European Honey Bee
New Colony
Eusocial Allodapine Bee
S1, Female, dorsal
European Honey Bee (Apis mellifera)Class: Animals (Animalia) - Jointed Legs (Arthropoda) - Insects (Insecta)
Order: Ant Bee Wasps (Hymenoptera)
Family: Long-tongued Bee (Bee: Apidae)     iNaturalist Observation
Species: European Honey Bee (Apis mellifera)
This Photo:     New Colony
Other name: Commercial Honey Bee

Thank you Dr John Ascher, Frank Prinz, Terra Occ & (HowardDC) for confirming the id of this species for us

General Species Information:
Found on Ellura (in the Murray Mallee, SA), the Adelaide Hills, Coastal Areas and elsewhere
Most people think of these insects in a positive light, but like all introduced species are an environmental headache and should be eradicated where possible. Please don't allow bee keepers to use your bush block for bees. Would you allow someone to plough your native vegetation to grow crops? European Bees are just as devastating, but the damage is hidden (eg using up precious hollows used by our birds and reptiles), spreading over many kilometres to neighbouring properties & reserves. Our native bees are also less aggressive and solitary (in SA).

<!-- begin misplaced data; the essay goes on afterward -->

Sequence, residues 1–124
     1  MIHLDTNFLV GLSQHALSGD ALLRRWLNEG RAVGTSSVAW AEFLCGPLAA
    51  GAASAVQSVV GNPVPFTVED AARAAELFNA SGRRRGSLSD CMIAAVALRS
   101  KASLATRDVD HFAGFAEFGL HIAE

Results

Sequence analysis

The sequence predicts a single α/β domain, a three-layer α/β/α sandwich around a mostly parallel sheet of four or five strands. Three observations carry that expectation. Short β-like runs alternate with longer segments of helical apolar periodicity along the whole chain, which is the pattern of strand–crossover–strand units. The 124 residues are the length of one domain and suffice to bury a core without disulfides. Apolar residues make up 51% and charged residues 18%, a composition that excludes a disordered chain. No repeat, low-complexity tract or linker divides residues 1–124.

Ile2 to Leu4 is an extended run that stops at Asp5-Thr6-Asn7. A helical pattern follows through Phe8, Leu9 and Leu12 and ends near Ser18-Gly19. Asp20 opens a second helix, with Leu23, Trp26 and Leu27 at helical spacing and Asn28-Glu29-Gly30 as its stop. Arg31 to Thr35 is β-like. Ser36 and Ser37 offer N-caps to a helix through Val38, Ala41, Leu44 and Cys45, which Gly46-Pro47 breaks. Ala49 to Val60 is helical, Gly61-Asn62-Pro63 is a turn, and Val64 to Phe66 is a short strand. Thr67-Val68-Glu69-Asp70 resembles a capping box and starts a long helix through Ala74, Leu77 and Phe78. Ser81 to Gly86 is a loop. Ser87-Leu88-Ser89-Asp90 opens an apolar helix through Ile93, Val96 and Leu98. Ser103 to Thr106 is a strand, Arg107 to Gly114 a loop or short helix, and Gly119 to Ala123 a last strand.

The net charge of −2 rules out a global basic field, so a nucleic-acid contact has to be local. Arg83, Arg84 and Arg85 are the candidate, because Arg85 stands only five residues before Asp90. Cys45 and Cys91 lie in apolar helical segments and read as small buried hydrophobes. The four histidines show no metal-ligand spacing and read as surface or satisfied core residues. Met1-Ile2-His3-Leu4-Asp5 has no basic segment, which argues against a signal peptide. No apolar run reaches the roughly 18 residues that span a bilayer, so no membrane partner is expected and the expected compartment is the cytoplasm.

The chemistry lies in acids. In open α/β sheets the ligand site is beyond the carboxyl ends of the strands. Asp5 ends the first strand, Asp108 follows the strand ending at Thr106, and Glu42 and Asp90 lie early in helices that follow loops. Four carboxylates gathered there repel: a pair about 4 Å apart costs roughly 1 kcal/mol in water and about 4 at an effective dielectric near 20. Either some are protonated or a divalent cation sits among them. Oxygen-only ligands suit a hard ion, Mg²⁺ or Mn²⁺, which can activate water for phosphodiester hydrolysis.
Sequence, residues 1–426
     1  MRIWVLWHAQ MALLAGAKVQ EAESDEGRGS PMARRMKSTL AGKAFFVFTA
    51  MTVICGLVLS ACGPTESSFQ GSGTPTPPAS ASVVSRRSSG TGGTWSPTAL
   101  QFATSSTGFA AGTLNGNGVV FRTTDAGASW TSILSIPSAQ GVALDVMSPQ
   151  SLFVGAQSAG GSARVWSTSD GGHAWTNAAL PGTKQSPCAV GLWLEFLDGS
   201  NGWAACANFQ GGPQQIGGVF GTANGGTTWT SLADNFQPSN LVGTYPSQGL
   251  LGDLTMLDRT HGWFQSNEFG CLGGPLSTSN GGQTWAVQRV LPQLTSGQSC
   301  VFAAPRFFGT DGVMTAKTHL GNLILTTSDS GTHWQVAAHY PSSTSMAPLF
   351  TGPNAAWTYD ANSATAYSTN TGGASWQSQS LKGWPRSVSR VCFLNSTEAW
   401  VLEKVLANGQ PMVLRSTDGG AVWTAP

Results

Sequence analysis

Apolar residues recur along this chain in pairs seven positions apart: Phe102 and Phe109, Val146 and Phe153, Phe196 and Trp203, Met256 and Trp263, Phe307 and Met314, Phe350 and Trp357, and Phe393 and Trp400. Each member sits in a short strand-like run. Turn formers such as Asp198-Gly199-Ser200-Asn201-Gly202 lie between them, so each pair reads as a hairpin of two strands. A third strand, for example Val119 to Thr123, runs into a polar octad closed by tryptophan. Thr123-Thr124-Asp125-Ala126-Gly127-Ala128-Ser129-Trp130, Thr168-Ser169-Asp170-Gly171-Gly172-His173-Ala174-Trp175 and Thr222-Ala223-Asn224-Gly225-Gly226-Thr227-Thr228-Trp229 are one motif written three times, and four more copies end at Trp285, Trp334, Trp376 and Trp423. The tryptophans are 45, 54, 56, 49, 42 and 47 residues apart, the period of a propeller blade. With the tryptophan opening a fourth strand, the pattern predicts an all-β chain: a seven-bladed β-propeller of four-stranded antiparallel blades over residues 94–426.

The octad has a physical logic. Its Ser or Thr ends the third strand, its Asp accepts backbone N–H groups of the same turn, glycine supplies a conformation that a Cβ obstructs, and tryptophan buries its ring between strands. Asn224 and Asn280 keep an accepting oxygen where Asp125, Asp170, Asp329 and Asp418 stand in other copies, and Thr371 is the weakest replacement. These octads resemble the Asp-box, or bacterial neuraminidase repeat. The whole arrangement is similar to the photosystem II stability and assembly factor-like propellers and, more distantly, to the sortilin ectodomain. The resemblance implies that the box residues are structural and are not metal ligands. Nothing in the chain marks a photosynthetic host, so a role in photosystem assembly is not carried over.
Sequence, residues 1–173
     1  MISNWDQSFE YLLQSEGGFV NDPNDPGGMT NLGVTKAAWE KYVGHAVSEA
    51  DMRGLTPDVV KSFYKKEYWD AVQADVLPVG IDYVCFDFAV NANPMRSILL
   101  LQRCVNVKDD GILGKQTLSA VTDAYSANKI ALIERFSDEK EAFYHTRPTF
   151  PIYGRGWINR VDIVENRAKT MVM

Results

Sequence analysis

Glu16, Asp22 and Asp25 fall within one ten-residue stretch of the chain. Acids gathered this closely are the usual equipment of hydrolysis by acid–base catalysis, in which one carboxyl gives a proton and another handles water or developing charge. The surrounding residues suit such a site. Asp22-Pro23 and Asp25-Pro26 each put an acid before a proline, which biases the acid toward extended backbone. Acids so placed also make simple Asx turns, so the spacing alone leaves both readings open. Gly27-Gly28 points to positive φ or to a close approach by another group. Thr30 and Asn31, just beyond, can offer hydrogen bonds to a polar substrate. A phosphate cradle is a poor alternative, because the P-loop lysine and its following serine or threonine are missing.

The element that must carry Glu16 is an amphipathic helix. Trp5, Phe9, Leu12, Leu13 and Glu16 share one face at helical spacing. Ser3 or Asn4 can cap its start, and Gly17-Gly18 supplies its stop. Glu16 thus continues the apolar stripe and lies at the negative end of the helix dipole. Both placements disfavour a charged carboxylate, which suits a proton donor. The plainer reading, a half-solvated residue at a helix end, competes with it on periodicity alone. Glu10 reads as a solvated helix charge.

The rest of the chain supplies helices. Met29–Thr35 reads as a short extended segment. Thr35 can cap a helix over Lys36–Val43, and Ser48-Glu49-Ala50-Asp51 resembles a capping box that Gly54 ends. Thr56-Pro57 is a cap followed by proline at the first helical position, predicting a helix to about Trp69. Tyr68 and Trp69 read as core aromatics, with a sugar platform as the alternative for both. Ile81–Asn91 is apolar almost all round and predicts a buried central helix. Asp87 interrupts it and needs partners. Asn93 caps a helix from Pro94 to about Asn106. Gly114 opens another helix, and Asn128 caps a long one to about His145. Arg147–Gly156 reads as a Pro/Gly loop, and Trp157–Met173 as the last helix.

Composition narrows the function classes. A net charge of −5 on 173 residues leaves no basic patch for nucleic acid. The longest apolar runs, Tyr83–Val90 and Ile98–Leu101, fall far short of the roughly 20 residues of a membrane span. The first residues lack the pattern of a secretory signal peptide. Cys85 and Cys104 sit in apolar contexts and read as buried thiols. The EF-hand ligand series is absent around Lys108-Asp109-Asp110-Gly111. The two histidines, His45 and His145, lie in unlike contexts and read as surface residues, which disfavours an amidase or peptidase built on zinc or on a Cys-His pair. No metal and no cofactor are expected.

If you thought all European Bees don't look alike, you'd be right. Peri Coleman said
"There are three main races of bees in Australia, and a very few of two other races. Main races used by bee keepers:
1. Italian (yellow banded): have 5 yellow bands, but the Ligurian sub-race has less than 5 yellow bands & have a yellow queen. The Ligurian bees of Kangaroo Island are a sub-race of Italian bees, and the early settlement bees were blackish coloured "Black Germans", but I don't know if any of these are still cultivated
2. Caucasian (bigger, grey): are dark grey, hardly banded at all, and have a long body
3. Carniolan (smallest): have creamy light bands which gives them a greyish look, and are smaller than Italians. They have a dark queen.
Quarantine in North Queensland keeps a close eye out for Asian honeybees as they are likely to bring in Nosema disease.
It is considered they are most likely to get here via shipping to a northern port or by island hopping from New Guinea."

Copyright © 2013-2024 Brett & Marie Smith. All Rights Reserved. Photographed 03-Jan-2013
This species is classed as If (Foreign Introduction)